I am a Registered Dietitian & Integrative & Functional Nutritionist and former Certified Diabetes Educator with over 15 years of clinical nutrition experience.
I practice a holistic and integrative approach providing science-based guidance on food and diet along with nutritional supplements where appropriate. My strength lies in my ability to explain complicated nutrition and scientific concepts in plain language which I then put into everyday practical dietary advice.
I have a unique approach to nutrition counselling. I have the solid education & training of a dietitian but know that there are many points of views outside this model, and I incorporate them into my practice.
Diabetes Diet: Moderate carbohydrates, limit fruit juice, limit the amount of starch-rich carbohydrates, choose more non/low-starch vegetables, include controlled amounts of fiber-rich foods at each meal, consume healthy fats, good portions, avoid sources of trans fats, increase intake of omega-3 fats and limit foods with added sugar.
Selenium plays a huge role in preventing mercury toxicity. It maintains the antioxidant glutathione peroxidase which protects vital tissues and brain from oxidation and inflammation. But swordfish, shark, tilefish and marlin must be avoided due of their high mercury and low selenium levels. If a fish species contains more selenium than mercury, it’s safe to eat.
Vegetarian and vegan eating is more popular than ever before for a variety of reasons. Let’s go beyond some of the more popular nutrients of concern when it comes to being vegan although the usual suspects still stand: vitamin B12, calcium, zinc, iron, vitamin A, and the long chain omega-3 fats EPA & DHA. Animal-based foods are not necessarily healthier but studies show vegetarian and vegan diet needing more attention when it comes to certain nutrients. Animal foods tend to contain these nutrients in higher amounts and, more importantly, those nutrients are absorbed more efficiently.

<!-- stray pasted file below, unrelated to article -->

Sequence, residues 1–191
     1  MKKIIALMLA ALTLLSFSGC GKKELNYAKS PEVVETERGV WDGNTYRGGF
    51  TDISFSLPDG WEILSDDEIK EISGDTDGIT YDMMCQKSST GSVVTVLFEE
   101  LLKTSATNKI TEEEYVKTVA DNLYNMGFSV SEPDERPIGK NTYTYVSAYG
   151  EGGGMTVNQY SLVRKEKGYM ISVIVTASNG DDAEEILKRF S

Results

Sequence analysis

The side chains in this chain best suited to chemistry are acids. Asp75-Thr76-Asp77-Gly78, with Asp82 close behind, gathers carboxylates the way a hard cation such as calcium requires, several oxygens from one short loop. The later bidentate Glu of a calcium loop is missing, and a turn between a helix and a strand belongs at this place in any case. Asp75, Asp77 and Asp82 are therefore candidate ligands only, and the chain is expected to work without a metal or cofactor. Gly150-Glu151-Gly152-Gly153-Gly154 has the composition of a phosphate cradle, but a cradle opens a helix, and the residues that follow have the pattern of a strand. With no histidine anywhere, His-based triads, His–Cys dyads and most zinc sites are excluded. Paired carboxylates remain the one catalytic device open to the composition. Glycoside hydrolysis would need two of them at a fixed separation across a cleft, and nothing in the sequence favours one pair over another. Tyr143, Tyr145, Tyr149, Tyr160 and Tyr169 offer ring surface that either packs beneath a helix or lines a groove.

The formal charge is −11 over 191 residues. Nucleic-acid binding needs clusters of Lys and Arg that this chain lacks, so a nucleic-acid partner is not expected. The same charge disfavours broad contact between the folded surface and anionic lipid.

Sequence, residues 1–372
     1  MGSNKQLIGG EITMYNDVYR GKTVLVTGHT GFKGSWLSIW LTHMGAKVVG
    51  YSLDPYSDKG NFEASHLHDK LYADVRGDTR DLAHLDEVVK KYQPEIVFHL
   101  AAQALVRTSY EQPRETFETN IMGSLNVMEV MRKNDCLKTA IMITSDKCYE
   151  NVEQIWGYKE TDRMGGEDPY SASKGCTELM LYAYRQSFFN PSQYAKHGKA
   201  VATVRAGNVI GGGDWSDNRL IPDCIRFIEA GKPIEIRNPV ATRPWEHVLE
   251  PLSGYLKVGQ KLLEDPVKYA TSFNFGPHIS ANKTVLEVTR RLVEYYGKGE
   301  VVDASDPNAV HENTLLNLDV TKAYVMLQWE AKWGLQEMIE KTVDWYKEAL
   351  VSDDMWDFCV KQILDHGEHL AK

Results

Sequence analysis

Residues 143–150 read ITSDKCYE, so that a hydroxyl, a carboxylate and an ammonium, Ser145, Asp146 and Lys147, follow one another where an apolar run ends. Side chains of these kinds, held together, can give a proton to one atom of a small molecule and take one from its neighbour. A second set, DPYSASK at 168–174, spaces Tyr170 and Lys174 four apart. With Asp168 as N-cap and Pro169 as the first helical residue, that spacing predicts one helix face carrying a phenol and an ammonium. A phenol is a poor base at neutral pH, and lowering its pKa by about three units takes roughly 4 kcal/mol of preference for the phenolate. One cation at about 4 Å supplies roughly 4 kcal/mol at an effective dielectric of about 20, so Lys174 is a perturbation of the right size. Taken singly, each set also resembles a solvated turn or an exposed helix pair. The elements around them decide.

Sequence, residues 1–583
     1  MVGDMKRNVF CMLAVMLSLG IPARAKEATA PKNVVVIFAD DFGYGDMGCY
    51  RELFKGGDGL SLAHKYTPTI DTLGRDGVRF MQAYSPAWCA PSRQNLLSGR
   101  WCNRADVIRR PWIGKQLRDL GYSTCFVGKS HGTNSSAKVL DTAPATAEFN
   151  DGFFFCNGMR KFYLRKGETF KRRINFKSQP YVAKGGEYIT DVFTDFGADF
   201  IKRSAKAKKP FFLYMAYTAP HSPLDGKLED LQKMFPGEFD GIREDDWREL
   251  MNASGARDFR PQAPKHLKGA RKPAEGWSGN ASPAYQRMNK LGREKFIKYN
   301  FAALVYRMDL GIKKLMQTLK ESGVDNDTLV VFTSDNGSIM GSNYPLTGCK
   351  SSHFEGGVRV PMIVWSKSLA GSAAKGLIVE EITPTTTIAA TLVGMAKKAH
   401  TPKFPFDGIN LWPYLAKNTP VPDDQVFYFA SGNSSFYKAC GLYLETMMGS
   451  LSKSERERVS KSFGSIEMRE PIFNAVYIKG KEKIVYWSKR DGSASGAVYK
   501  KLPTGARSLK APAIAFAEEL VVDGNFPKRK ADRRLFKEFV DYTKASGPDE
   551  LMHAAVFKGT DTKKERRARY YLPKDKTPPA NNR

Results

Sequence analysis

There is a growing school of thought that is starting to see vitamin C deficiency as an inborn error in carbohydrate metabolism versus a classic vitamin deficiency. Humans have all the same enzymes necessary to produce their own vitamin C from glucose but the last enzyme is mutated and, therefore defective. The result? We don’t make any vitamin C on our own. Also, when people are sick or stressed, the activity of the other functioning vitamin C-producing enzymes increase in their activity suggestive that the body wants/is trying to produce more vitamin C in response to an infection like it does in vitamin C-producing animals.
Clinical studies have shown that consuming milk does lead to more calcium being absorbed and retained by the body. Several other studies have shown that milk and dairy food consumption is associated with lower rates of osteoporosis in post-menopausal women and milk and dairy consumption is a predictor of osteoporosis risk and better bone health as adults.